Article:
The crisis facing the maize sub sector are not about to end with farmers from maize growing areas in the North Rift now rejecting the new maize prices offered by the government.
The farmers drawn from Uasin Gishu, Trans Nzoia, Nandi and Elgeyo Marakwet and part of Western region counties vowed that they will only sell their maize to the government through the National Cereals and Produce Board (NCPB) if the announced price of Sh.2,300 is per the 50 kilogramme bag and not 90kg bag.
The announcement made on Monday by the Strategic Food Reserve Fund( SFRF) chairman, Noah Wekesa was bound to rub farmers who are already counting losses from last season’s harvest the wrong way.
Farmers from the region expect to harvest at least 4 million bags this season.
The farmers are still holding over 500,000 bags of maize in their stores owing to the maize scandal that rocked NCPB where business people were given priority in payment at the expense of genuine farmers.
The charged farmers at a press briefing after a consultative meeting held at the Teachers Advisory Centre in Eldoret said they fully supported leaders from the region who have already rejected the new prices.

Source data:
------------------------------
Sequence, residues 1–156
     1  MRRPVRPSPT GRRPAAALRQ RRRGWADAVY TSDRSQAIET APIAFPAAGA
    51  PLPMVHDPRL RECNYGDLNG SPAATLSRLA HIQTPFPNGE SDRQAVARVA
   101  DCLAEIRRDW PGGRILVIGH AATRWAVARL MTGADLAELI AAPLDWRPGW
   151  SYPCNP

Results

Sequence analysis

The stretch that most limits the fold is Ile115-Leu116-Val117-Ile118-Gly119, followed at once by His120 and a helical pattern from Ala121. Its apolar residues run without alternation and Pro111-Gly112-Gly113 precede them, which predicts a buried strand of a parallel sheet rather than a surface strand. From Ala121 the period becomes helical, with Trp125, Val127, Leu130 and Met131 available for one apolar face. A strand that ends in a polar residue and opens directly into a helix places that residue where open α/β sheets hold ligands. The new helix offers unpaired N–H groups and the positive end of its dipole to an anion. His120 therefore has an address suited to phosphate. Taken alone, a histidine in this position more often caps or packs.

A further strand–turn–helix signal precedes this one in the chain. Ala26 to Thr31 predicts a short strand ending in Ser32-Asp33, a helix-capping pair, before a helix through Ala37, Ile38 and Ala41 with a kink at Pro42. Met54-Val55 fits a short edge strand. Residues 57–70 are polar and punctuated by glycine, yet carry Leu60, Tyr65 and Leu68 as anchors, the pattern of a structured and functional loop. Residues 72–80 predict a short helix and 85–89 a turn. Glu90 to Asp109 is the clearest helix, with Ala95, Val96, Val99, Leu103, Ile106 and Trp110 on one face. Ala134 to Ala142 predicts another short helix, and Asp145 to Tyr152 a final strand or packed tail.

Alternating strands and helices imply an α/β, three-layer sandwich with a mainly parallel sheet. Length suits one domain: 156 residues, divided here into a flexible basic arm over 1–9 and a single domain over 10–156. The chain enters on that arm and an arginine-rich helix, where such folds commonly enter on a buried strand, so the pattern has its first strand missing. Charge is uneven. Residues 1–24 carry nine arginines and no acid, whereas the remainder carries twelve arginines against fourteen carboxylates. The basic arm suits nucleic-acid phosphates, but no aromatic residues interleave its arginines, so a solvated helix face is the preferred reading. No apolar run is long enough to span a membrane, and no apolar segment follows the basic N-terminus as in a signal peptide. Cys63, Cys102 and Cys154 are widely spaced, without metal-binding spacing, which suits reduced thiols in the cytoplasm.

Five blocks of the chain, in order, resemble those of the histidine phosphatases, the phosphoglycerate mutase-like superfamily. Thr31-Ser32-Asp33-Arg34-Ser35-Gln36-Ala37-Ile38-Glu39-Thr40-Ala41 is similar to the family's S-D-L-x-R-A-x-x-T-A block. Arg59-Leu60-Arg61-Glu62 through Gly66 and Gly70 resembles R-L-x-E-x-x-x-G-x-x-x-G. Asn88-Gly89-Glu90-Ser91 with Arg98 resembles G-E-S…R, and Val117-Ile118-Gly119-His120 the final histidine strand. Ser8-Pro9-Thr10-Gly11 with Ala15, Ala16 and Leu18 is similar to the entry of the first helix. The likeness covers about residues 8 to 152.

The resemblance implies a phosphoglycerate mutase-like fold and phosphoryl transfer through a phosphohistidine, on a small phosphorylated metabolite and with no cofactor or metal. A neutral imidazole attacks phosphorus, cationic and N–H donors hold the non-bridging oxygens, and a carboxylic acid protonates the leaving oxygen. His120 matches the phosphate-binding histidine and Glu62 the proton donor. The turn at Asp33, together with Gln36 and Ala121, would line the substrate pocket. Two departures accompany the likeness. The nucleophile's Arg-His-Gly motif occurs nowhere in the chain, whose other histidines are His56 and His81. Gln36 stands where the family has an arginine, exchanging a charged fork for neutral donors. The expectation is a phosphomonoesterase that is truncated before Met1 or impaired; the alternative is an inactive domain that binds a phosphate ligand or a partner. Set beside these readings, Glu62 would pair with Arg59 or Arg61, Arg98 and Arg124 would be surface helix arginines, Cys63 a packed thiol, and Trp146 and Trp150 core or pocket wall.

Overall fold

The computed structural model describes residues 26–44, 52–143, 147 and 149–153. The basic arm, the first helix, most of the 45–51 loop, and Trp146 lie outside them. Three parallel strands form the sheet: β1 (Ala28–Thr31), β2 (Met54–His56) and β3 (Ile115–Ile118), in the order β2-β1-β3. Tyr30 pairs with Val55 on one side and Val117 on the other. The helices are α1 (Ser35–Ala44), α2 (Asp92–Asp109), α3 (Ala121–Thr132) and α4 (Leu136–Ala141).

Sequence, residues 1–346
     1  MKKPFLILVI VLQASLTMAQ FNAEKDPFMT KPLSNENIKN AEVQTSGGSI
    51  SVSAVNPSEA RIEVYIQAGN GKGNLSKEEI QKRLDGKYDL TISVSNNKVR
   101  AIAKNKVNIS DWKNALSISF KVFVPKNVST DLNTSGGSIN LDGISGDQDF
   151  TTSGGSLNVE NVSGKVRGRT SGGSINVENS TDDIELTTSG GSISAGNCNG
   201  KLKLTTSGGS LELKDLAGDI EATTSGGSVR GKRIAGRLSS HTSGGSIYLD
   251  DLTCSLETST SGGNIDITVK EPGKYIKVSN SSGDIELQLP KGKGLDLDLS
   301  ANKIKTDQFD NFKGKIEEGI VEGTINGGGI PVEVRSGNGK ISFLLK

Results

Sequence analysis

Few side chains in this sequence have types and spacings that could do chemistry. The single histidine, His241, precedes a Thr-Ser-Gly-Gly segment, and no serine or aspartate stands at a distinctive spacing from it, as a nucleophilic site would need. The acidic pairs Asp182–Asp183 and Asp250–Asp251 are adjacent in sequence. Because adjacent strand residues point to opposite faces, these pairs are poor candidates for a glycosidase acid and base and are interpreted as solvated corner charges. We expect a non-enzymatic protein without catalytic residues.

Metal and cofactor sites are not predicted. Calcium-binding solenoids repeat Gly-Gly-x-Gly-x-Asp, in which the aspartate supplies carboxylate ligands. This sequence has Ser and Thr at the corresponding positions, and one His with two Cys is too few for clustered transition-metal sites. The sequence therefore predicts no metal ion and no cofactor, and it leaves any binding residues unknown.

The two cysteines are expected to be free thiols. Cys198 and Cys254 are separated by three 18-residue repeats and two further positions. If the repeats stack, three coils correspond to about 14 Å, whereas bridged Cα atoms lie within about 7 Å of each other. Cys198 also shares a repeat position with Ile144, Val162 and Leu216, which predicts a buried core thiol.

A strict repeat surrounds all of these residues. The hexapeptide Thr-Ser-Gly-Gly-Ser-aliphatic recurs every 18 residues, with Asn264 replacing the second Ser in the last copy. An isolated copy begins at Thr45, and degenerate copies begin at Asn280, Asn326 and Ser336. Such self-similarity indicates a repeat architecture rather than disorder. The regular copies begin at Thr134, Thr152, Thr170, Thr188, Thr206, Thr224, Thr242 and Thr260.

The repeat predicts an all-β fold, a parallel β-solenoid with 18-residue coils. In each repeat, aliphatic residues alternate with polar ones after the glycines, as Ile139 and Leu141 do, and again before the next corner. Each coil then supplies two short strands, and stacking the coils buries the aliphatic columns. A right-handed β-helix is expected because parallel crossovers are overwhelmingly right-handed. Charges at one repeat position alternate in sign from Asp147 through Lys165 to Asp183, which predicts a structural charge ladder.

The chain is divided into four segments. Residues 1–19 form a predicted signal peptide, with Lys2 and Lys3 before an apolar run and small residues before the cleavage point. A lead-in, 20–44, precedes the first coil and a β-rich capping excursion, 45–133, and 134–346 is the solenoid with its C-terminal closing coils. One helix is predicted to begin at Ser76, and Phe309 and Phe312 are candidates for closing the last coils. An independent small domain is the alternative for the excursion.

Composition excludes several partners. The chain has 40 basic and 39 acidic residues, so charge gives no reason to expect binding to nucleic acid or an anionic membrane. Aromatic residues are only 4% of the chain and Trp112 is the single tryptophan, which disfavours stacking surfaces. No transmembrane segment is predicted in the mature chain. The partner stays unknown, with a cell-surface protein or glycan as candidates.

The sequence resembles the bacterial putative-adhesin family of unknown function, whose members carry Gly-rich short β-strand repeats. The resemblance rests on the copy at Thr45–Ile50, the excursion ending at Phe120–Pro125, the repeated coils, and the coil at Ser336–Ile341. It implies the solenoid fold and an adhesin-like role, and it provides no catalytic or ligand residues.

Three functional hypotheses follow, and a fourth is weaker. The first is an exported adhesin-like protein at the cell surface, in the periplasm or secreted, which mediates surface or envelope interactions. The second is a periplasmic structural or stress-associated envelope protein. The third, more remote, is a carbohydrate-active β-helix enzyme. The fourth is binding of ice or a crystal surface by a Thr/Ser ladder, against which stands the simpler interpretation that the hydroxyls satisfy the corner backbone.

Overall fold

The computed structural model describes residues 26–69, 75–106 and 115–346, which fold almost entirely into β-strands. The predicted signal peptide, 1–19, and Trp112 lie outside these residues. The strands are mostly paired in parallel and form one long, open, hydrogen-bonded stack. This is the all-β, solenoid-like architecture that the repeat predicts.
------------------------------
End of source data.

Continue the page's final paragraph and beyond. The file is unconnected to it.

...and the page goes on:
On Monday governors Jackson Mandago, (Uasin Gishu) and his Trans Nzoia counterpart, Patrick Khaemb who were recently appointed by President Uhuru Kenyatta into a task force to look into bringing a solution to problems haunting maize production in Kenya rejected the new price claiming it was not tenable to farmers.
The farmers are now threatening to turn this year’s maize harvest in to livestock feed if the SFRF sticks to its price.
Led by Jackson Kwambai and Kimutai Kolum , the maize producers observed that the Sh. 2,300 per 90 kg bag will destabilize the maize market which in the long run ruin the agriculture sector the economic backbone for most residents in the north rift region.
The government seems to have set the new price without even considering the cost of production, if we go with this price farmers will run at a loss, said Kwambai.
Kolum said that the government should be inviting representatives from the farming community across the country to get their input when determining the price of their produce as sign of good faith.
“What the government is doing now is like telling the farmers not to plant maize next season and this is another loophole for cartels and traders to import maize from outside the country”, he added.
By Kiptanui Cherono